Do I qualify for long-term disability benefits if I have Carpal Tunnel Syndrome or Tendonitis?

Can I Get Long-Term Disability Benefits for Carpal Tunnel Syndrome or Tendonitis?

One of the most common questions we get is “Do I qualify for long-term disability benefits if I have Carpal Tunnel Syndrome/Tendonitis?”

Carpal Tunnel Syndrome and Tendonitis are both musculoskeletal disorders, and are considered repetitive strain injuries.  

Carpal tunnel syndrome affects the hand and wrist and occurs when, through repetitive or excessive movement, the lubrication system in the wrist does not work. 

Tendonitis is when the tendon, usually in the hand, wrist, shoulder or elbow, becomes inflamed or irritated.

Both can qualify for long-term disability benefits!

Has your claim for disability benefits been denied? Has the insurance company denied your appeal? Were you receiving benefits and the insurance company terminated those benefits?

Our Long-Term Disability Insurance Lawyers offers:

✓ A free case assessment
✓ Fair, flexible rates, including contingency fees (i.e. only pay if you win)
✓ Service across all of Ontario

We’ll work with you and your physician to help challenge the insurance company’s denial or discontinuance of your long-term disability benefits.

Where necessary, we will engage other trusted professionals to support your case including specialists, functional capacity evaluators, and vocational evaluators to help credibly explain why your disability symptoms are preventing you from doing your “own occupation” or “any occupation

Carpal Tunnel Syndrome/Tendonitis: Key Facts

Carpal Tunnel Syndrome and Tendonitis tend to be grouped together as they often can accompany each other in diagnosis.  

Carpal tunnel syndrome develops when there is a malfunction in the lubricating system in the hand/wrist.  This causes friction between the tendon and its sheath which causes inflammation and swelling.  Over time, fibrous tissue can build up and can stop the tendon from moving its full range.  

Tendonitis can also be caused by repetitive or excessive movements, like carpal tunnel syndrome, but can also occur as a result of forceful exertion, strange postures, vibration or mechanical stress.  The tendon can then tear apart and trigger an inflammatory response in the body.  Over time, the inflamed tendons can get thicker and irregular and, if not treated correctly, can permanently weaken. Tenosynovitis is similar to tendonitis and carpal tunnel syndrome in that it is an inflammation of the tendon sheath caused by a lack of synovial fluid which lubricates the tendon.

The cause of Carpal Tunnel Syndrome/Tendonitis is usually through a combination of things such as overuse, age, injury or disease.  However, if you are performing repetitive tasks, experience excessive force to the area, vibration, strange postures or a lot of overhead reaching, your risks for developing carpal tunnel syndrome and/or tendonitis is greater.

See: Workplace Safety North and Ministry of Labour.

Most Common Symptoms of Carpal Tunnel Syndrome/Tendonitis

Carpal Tunnel Syndrome

The most common symptoms: 

  • tingling of the thumb, index, middle and ring fingers
  • weakness in the hands
  • difficulty pinching and grasping
  • dropping items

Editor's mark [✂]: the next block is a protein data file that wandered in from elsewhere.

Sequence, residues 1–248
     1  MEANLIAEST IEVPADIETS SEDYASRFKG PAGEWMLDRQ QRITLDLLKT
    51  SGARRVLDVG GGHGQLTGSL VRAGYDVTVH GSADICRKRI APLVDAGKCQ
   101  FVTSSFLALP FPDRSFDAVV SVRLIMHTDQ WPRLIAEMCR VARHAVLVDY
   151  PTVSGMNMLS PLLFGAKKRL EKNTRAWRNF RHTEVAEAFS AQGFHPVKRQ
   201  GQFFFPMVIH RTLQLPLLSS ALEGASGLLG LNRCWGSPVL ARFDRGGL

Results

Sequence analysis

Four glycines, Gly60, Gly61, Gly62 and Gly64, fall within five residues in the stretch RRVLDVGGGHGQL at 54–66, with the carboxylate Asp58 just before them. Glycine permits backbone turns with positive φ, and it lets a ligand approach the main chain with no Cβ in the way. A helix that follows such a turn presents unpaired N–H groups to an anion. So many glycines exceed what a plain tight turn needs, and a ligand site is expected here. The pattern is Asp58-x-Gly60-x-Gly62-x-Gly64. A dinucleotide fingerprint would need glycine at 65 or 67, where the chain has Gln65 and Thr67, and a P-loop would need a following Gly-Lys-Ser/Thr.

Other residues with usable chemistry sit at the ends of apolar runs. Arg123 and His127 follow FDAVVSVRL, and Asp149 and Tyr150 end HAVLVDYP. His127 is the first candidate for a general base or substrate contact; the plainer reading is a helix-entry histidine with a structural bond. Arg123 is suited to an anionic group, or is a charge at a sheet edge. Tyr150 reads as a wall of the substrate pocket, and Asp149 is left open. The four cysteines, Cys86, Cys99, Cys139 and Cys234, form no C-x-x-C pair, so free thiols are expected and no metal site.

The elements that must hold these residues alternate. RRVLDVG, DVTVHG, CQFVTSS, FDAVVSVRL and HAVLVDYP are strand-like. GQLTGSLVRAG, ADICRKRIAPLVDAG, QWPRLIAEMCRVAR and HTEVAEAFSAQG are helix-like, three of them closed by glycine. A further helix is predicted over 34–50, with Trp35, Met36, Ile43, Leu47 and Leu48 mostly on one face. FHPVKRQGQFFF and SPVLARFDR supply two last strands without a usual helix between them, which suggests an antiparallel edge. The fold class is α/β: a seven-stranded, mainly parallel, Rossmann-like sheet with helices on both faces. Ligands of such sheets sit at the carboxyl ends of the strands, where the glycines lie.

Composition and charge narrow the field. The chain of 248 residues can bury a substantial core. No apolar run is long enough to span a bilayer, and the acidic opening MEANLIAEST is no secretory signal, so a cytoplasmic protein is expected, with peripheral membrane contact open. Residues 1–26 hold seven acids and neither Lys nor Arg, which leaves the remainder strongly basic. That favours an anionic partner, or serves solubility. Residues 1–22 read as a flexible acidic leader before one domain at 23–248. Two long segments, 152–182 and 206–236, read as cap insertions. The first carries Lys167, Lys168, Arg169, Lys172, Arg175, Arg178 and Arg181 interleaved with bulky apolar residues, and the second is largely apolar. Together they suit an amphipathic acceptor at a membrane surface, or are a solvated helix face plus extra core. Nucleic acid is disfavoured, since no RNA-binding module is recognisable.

• pain in the hands, wrists, shoulders, and arms
  • numbness and loss of dexterity 
  • dry skin[3]

Tendonitis

The most common symptoms of tendonitis include

  • pain at the site of the injury 
  • decreased strength or functional ability
  • tenderness in the area
  • swelling
  • redness 
  • restriction in movement.[4]

Criteria for a Diagnosis of Carpal Tunnel Syndrome/Tendonitis

In order to diagnose carpal tunnel syndrome, your doctor will ask you a series of questions about your job to identify if you are at risk based on your typical job duties.  Your doctor will need a complete description of your job duties including what you do, how long you do it for and how regularly you perform the task.  

There three tests to determine your diagnosis:

Tinel’s test: tapping of the median nerve at the wrist.  If you experience a tingling sensation in one or more fingers, it indicates damage to the median nerve.

Phalen’s test: place the backs of your hands together and bend the wrists for one minute.  Tingling in the fingers indicates damage to the median nerve.

Electromyography: electrical current is passed through the patient by electrodes placed on the forearm.  The median nerve is measured at how fast and how well it transmits messages to the muscle to indicate if there is damage.

Tendonitis is diagnosed through a physical examination and medical history by your doctor.  Sometimes, you may require an x-ray, ultrasound or MRI.  Tendonitis is often mistakenly diagnosed as arthritis, as the inflammation often occurs near the joint.[5]

Indeed, this is why long-term disability insurers often deny claims for Carpal Tunnel Syndrome/Tendonitis – because it can be difficult to diagnose accurately in its early stages.

Treatment for Carpal Tunnel Syndrome/Tendonitis

The most useful tool to treat carpal tunnel syndrome/tendonitis is to take preventative measures to avoid these conditions instead. The  Canadian Centre for Occupational Health and Safety recommends redesigning your workspace or tools to prevent awkward wrist positions and minimized the stress of repetitive motions.  Further, it suggests training to reduce the number of strange positions for the wrist and how to reduce repetitive movement.